Yanna McIntosh perfectly mimics John Tory’s horrible-sounding speaking of the French language. Green-clad Peter Fernandes’ Tree is a riot. At other times, a tremendous sense of dread envelopes the events. As Meg Davis (daughter of the late PC Ontario Premier Bill Davis), Philippa Domville’s breaking of pencils and then face-planting into a cake is at first initially funny. However, I felt an incredible sense of dread in watching her keep doing it. Davis was one of the individuals who fearlessly believed in this project. It’s alarming to think of how she must have felt with all the work done up to this point, and it comes crashing down in front of her.
The ensemble cast remains extraordinarily stellar throughout. With a quick costume change, often within a matter of seconds, the actors become someone else.
Another masterclass in acting performances from everyone.
Mike Shara is a towering, blustery, vain Dan Doctoroff, American CEO of Sidewalks Lab. He struts vainly about the stage, cocksure that what he is doing is the right thing and the only way to do it. He bangs the table with incredible force to make his point and to get what he wants. He doesn’t. Sometimes narrator Peter Fernades provides much of the laughter needed throughout as Tree, especially when it becomes clear why he is called this name.
As Waterfront Toronto CEO Will Fleissig, Ben Carlson provides as much fiery temper as Shara does. There are moments on Carlson’s face when the irritability of the situation desperately gets to Fleissig. However, Carlson’s turn as the Fire Chief, who at one point has eyes for an on-stage cake, effectively contrasts with the intensity of that of Fleissig. The final ‘monologue’ of the play delivered by Christopher Allen is delivered with natural credibility with the hope that perhaps the involved corporations might or could have some prominence going forward.
Tara Nicodemo as Kristina Verner and Philippa Domville as Meg Davis leave an indelible impression near the end of the performance. As the Waterfront executives, these ladies are the two who seem to ‘pick up the pieces’ in their belief of this project even while Doctoroff is annoyed at the continual rewriting of the terms of the agreement for them. As I write this article the next day, I can still picture Nicodemo and Domville working away at their laptops as the lights come down.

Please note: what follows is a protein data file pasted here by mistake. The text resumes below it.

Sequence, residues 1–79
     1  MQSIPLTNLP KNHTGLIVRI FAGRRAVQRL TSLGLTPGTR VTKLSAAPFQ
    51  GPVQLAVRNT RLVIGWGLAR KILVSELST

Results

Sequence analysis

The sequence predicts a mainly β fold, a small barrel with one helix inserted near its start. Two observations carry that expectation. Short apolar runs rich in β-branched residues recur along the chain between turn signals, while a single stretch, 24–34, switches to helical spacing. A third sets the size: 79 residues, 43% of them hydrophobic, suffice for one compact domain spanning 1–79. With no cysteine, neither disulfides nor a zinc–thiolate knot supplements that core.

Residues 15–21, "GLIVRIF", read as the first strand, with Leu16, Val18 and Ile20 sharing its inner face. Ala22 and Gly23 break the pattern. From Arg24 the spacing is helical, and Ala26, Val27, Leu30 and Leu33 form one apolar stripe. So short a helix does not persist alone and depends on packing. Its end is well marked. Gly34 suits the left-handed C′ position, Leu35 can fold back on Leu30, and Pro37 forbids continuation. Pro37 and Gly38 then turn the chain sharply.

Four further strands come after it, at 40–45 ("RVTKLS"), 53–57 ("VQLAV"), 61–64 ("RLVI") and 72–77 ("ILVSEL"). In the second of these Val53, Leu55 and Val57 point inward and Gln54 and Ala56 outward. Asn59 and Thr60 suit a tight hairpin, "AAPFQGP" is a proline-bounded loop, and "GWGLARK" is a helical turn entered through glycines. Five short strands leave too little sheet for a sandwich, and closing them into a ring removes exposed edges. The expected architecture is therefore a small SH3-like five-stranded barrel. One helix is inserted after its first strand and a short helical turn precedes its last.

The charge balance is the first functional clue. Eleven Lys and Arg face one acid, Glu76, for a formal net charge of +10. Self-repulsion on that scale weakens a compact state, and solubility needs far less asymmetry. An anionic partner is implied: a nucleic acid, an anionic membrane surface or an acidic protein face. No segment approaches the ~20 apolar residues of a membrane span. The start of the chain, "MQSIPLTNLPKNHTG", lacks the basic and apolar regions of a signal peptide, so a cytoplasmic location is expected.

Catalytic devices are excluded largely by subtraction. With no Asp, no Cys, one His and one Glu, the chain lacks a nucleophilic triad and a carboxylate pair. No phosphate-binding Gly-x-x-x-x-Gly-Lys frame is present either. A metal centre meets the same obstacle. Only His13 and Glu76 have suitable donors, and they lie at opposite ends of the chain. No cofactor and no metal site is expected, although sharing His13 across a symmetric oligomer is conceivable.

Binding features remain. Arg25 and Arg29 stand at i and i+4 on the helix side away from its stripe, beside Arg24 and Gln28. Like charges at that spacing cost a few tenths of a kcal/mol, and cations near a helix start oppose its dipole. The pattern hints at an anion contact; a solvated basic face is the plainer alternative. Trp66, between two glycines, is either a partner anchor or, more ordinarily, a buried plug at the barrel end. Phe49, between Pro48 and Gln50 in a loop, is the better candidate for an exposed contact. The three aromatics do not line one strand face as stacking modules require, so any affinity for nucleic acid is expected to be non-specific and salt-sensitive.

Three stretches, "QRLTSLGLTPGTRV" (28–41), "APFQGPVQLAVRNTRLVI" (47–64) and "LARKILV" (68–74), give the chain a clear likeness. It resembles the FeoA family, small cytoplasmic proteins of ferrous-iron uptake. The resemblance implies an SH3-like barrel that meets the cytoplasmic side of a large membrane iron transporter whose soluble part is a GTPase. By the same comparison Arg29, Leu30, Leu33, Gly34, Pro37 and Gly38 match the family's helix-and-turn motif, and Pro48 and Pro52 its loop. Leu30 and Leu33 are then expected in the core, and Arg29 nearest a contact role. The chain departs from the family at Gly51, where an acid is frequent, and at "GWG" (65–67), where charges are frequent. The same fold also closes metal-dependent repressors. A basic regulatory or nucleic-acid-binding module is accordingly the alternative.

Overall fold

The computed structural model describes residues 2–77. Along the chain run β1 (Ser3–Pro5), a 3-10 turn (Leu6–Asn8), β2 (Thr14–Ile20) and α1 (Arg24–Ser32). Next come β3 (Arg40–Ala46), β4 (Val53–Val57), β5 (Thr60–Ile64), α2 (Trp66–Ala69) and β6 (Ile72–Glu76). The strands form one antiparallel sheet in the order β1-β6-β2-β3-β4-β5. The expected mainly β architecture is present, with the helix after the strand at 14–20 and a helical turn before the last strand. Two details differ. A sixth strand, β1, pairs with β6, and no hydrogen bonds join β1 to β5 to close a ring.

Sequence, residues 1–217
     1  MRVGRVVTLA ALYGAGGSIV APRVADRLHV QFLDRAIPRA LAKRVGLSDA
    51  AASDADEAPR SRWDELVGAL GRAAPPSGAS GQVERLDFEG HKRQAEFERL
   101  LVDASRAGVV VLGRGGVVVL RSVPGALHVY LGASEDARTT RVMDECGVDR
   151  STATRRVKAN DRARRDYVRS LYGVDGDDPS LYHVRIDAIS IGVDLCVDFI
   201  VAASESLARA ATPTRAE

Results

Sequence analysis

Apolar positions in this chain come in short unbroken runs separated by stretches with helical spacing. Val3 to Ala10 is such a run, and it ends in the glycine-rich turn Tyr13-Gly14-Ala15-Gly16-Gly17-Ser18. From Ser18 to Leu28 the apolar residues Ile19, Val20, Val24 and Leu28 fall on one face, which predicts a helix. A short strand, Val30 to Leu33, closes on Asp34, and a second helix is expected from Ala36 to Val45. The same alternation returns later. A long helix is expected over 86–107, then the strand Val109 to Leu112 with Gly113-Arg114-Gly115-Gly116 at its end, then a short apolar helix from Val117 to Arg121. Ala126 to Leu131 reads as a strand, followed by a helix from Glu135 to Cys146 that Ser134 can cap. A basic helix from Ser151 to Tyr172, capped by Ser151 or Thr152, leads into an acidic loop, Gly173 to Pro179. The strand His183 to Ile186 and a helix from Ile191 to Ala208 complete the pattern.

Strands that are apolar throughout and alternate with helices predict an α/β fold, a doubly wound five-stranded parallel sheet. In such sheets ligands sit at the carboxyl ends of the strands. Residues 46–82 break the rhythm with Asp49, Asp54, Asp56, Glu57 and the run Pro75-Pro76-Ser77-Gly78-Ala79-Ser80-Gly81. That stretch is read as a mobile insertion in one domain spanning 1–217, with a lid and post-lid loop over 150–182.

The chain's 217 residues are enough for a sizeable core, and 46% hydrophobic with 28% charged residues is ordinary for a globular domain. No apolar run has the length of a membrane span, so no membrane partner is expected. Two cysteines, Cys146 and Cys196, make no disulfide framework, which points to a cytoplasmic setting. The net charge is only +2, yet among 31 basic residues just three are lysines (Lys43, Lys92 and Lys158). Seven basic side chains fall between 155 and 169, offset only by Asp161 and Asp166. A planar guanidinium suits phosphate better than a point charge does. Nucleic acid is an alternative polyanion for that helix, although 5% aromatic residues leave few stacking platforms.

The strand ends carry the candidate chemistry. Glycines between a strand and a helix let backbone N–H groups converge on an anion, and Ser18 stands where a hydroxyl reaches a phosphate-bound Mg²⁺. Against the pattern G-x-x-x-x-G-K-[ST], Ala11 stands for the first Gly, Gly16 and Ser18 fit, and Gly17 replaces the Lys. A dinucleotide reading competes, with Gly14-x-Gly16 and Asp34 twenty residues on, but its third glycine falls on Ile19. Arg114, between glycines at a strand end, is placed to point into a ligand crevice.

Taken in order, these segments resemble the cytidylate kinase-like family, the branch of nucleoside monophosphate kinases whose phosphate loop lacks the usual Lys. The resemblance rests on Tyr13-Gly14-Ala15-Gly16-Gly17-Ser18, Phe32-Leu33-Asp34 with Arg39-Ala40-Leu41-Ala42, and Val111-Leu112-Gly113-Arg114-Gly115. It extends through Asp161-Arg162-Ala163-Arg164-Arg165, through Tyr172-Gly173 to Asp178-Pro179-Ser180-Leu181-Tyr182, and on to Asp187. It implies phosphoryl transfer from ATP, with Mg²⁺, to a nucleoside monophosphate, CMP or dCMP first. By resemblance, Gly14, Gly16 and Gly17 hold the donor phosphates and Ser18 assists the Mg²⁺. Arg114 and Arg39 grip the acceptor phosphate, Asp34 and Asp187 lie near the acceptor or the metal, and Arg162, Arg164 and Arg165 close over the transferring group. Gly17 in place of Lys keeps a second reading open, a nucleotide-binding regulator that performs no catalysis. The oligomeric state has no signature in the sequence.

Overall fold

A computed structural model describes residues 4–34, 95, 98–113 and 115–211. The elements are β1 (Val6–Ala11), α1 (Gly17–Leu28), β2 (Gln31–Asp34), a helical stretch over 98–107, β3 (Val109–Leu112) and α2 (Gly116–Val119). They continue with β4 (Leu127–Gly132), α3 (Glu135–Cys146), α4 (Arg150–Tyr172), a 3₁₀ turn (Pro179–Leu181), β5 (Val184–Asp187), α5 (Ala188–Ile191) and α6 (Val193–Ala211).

Final Comments: I was exhausted as I left the theatre after watching this intensely focused performance. I’m not a Torontonian (I only like to visit), but seeing this production makes me wonder about our future involvement with tech giants and what this could mean for all of us.
Scary thought to consider, but damn it makes for good theatre.
‘The Master Plan’ is good theatre. I hear it’s been extended to October 8.
Go see it.
Running time: approximately two hours and twenty minutes with one intermission.
‘The Master Plan’ runs until October 8 at Streetcar/Crow’s Theatre in the Guloien Theatre, 345 Carlaw Avenue, Toronto. For tickets, call the Box Office at (647) 341-7390 or visit www.crowstheatre.com
CROW’S THEATRE PRESENTS THE WORLD PREMIERE OF
‘THE MASTER PLAN’ by Michael Healey
Based on ‘Sideways: The City Google Couldn’t Buy’ by Josh O’Kane
Directed by Chris Abraham
Sets and Props Designer: Joshua Quinlan
Costume Designer: Ming Wong
Lighting Designer: Kimberly Purtell
Sound Designer: Thomas Ryder Payne
Video Designer: Amelia Scott
Stage Manager: Jennifer Parr
Performers: Christophe Allen, Ben Carlson, Philippa Domville, Peter Fernandes, Tara Nicodermo, Yanna McIntosh, Mike Shara